As others say, download iso, mount as a drive, copy files to a fat32 drive, and mark partiton as active if legacy bios. This can be done using diskpart or disk management gui.

    There is no need to use Rufus at all.
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  4. Posts : 358
    Windows 10
       #293

    dumble said:
    Creating a EUFI win10 USB with RUFUS you have to pick NTFS and not FAT32. The latest windows installation media contain a install.wim file that is bigger than 4GB and hence not supported by the FAT32 filesystem. You will never be able to create a eufi win10 USB on fat32 with latest windows10 release (for example the fall creator updated windows 10 iso's)

    However, RUFUS DOES SUPPORT EUFI BOOT FROM NTFS, so just choose NTFS in RUFUS
    Source: GitHub - pbatard/uefi-ntfs: UEFI:NTFS - Boot NTFS partitions from UEFI
    The size of the ISO for 1709 that I downloaded with Media Creation Tool is 3.731.392 KB, or 3.6 GB.
      My Computer

  5. Akeo's Avatar
    Posts : 29
    Windows 10 x64
       #294

    Actually, you can find a few official Microsoft ISOs with >4GB install.wim here and there.

    For instance, en_windows_10_multiple_editions_version_1703_updated_june_2017_x64_dvd_10725021.iso, which was the last MSDN rolling update of 1703 (en-US) before FCU has an 4.39GB install.wim. So, while Microsoft does its best to try to keep their retail ISOs' install.wim under 4GB, they don't always manage it and you may run into the >4GB headache even with an unaltered official ISO.

    This has been going on for a few years (for instance one of the official Windows 8 Preview ISOs from Microsoft also had a >4GB install.wim), and, logically, it's only expected to become more common.

    Now, the ISOs from the Media Creation Tool (which are not the same as MSDN/retail) are reconstructed from a bunch of downloaded files, so they are a bit special, and their install.wim/.esd is (for now) much smaller than 4GB. However, one drawback from sharing MCT ISOs is that, since they are uniquely built, you can't go around and compare SHA-1's to make sure they weren't maliciously altered if someone shares one with you, as you can do with the retail/MSDN ISOs...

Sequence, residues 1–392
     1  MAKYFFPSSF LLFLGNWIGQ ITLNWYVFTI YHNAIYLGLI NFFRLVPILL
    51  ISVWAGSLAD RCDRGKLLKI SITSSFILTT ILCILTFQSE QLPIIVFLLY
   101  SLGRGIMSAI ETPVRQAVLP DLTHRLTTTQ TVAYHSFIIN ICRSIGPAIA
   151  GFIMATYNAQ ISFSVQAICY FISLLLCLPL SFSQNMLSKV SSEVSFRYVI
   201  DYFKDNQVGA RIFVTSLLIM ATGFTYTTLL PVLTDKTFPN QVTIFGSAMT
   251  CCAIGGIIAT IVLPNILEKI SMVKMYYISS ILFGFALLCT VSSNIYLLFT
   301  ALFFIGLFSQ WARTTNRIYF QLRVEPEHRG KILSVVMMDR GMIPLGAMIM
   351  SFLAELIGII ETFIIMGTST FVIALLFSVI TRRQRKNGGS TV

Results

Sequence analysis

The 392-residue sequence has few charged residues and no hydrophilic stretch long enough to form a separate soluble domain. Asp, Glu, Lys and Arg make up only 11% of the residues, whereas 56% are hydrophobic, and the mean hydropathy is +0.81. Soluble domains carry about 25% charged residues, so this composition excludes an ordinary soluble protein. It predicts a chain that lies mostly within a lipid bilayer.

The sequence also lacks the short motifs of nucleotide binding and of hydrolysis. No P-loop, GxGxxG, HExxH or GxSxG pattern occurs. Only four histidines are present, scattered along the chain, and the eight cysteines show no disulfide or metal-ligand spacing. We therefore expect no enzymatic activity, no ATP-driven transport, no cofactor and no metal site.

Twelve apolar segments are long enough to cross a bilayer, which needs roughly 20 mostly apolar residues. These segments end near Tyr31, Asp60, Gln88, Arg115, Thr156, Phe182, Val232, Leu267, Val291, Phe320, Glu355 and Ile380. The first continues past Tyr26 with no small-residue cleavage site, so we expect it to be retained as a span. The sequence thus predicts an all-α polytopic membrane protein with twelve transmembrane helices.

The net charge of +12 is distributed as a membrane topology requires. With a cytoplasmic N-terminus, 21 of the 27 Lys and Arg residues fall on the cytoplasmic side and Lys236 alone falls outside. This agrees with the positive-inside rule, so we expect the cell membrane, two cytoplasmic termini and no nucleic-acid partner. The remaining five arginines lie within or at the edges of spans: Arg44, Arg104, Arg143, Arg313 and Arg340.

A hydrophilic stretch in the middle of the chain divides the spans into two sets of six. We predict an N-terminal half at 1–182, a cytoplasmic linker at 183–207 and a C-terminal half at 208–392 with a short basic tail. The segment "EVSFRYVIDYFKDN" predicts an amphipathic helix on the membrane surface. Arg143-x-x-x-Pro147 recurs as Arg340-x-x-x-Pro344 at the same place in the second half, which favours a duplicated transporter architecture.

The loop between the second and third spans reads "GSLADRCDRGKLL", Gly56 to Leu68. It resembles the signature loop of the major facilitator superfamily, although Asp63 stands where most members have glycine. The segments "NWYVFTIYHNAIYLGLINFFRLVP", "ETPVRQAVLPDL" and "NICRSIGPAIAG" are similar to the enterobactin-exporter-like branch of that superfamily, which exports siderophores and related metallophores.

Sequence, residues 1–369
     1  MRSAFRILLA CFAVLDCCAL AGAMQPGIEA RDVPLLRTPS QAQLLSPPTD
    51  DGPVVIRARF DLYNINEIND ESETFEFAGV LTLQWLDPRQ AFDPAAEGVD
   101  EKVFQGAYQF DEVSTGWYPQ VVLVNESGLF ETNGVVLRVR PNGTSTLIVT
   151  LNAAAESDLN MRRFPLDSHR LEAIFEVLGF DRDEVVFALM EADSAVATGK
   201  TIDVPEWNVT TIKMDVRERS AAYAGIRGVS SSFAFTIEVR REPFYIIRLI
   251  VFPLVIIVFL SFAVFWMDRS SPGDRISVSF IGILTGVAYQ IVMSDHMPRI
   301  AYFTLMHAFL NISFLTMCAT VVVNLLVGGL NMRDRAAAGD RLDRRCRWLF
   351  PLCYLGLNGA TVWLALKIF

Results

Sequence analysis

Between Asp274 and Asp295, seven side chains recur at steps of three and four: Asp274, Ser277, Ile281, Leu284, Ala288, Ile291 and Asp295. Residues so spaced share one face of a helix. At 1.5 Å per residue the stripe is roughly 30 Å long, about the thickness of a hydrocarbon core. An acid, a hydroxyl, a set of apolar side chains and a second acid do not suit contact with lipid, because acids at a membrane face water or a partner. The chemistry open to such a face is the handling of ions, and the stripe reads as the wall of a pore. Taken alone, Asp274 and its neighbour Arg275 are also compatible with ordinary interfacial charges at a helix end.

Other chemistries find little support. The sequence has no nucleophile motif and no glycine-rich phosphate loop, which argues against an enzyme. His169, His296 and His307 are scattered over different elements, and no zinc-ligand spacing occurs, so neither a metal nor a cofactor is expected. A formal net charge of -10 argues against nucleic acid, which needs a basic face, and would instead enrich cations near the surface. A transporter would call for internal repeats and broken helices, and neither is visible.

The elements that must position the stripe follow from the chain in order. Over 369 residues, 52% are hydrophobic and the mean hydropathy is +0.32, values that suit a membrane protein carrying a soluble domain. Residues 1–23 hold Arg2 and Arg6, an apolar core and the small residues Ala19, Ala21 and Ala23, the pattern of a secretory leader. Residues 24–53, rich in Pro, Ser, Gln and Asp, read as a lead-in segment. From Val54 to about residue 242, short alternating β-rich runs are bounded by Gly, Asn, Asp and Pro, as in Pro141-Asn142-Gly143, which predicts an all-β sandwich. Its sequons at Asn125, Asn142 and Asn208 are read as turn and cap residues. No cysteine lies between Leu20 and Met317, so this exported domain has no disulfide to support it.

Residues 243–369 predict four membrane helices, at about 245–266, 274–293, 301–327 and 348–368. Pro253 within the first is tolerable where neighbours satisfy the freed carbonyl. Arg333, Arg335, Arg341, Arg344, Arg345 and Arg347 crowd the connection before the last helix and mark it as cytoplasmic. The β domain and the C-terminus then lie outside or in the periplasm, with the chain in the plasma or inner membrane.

Last edited by Akeo; 15 Feb 2018 at 09:54.
      My Computer


  6. Posts : 2
    Windows 10 Home
       #295

    Hi,

    does the media creation tool create a fully up to date ISO image of windows or would i need to spend the next few days checking for/download and installing updates after the clean install?
      My Computer

  7. f14tomcat's Avatar
    Posts : 53,139
    Multi-boot Windows 10 - RTM, RP, Beta, and Insider
       #296

    Alex C said:
    Hi,

    does the media creation tool create a fully up to date ISO image of windows or would i need to spend the next few days checking for/download and installing updates after the clean install?
    It creates the base OS for the version/language/architecture you choose. In the case of the Fall Creators Update (current public release), it will create versions 16299.15. After install, there will be cumulative updates, etc., to get it up to level 16299.248.
      My Computers

  8. cereberus's Avatar
    Posts : 12,014
    Windows10
       #297

    f14tomcat said:
    It creates the base OS for the version/language/architecture you choose. In the case of the Fall Creators Update (current public release), it will create versions 16299.15. After install, there will be cumulative updates, etc., to get it up to level 16299.248.
    Minor clarification but base iso is now 16299.125.
      My Computer

  9. Matthew Wai's Avatar
    Posts : 5,084
    Windows 10 Home 20H2
       #298

    How to make [email protected] disk bootable on uefi/gpt? Solved - Windows 10 Forums
    The above method works at my end, so could it be option four in addition to the three options mentioned in this tutorial?
      My Computer

  10. Brink's Avatar
    Posts : 56,333
    64-bit Windows 10 Pro for Workstations build 21359
    Thread Starter
       #299

    Hello Matthew, :)

    That method will work as long as none of the installation files you're copying over isn't above the 4 GB file size limit of FAT32.

    Usually, it's the install.wim or install.esd file that could break that limit.
      My Computers